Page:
Seconds flew by instantaneously when sprinting the 328i to 100 km/h-5.9 seconds according to BMW-there’s still another 450 rpm or so before it hits the rev limiter- 7,250 rpm. This combined with a lowly 2200 rpm at 6th gear at 100 km/h made the gearing appear rather tall. In other words, gear ratios of the manual appeared to have been set more for fuel economy than for excitement.


Suspension is still the familiar MacPherson struts up front and double wishbones at the rear. So, why not wishbones at the front too? According to BMW, using double wishbones on the front suspension will add significantly more weight to the car which is now up to 45 kg lighter than before. Lighter yet is the steering which is now based on a electromechanical power system using electric motors for assistance.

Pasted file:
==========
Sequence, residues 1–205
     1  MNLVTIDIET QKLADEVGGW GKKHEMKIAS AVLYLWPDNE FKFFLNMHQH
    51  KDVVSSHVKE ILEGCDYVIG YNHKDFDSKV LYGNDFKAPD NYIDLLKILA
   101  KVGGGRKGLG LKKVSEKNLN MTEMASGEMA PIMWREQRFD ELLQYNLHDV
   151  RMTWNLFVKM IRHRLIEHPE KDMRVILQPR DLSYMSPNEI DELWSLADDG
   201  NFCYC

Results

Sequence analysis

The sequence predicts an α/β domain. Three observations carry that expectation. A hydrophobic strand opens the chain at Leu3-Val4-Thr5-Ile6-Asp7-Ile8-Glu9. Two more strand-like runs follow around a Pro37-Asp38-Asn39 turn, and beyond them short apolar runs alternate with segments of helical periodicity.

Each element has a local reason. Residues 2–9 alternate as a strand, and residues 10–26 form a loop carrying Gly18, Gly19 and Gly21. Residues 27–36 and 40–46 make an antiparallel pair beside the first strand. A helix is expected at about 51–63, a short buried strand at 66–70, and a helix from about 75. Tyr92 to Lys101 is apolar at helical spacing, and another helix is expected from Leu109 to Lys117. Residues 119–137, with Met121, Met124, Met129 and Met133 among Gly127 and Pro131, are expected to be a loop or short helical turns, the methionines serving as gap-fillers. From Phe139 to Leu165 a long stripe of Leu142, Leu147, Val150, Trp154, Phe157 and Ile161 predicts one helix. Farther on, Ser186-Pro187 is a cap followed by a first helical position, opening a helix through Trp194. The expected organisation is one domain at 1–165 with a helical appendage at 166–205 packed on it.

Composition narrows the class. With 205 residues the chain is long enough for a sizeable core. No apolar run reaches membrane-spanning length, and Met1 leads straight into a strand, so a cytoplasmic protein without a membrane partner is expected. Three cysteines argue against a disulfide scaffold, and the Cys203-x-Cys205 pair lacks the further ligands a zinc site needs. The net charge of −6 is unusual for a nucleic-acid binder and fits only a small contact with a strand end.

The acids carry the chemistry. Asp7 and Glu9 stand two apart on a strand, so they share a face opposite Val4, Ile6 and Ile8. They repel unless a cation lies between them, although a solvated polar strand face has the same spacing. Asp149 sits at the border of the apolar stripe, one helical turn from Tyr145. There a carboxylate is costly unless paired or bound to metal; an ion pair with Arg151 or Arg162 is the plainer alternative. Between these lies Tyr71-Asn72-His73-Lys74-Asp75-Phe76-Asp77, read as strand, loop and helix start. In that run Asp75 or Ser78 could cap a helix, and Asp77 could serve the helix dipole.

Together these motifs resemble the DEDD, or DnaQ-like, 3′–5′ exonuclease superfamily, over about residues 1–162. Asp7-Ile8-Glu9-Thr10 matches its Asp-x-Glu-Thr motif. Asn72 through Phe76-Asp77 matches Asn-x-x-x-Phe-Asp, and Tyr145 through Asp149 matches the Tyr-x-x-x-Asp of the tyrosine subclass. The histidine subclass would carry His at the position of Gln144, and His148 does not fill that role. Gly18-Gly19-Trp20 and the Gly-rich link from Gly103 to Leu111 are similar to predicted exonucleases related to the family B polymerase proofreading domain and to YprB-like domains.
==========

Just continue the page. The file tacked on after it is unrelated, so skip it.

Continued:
As no power is consumed during straightline driving or steady-state cornering, further fuel savings is achieved. A new variable-ratio steering system is available as an option, but my test car is not fitted with one. My advice is to seriously consider paying this extra feature as the steering feel of my test car is rather light and has a bit of an artificial “Logitech” type of movement to it.


The other option is to select SPORT or SPORT+ driving mode which tightens the steering wheel to a much more involved level. All 3s are now blessed with the addition of four different driving modes-all selectable by the driver through the Driving Experience Control switch located just next to the transmission. Depending on which mode you select-COMFORT, SPORT, SPORT+ or ECO PRO-characteristics of the accelerator response, engine response, power steering, Dynamic Stability Control (DSC) and if fitted, the automatic transmission’s shift points and Dynamic Damper Control can all be varied-set-ups being predefined for the relevant powertrain and suspension components.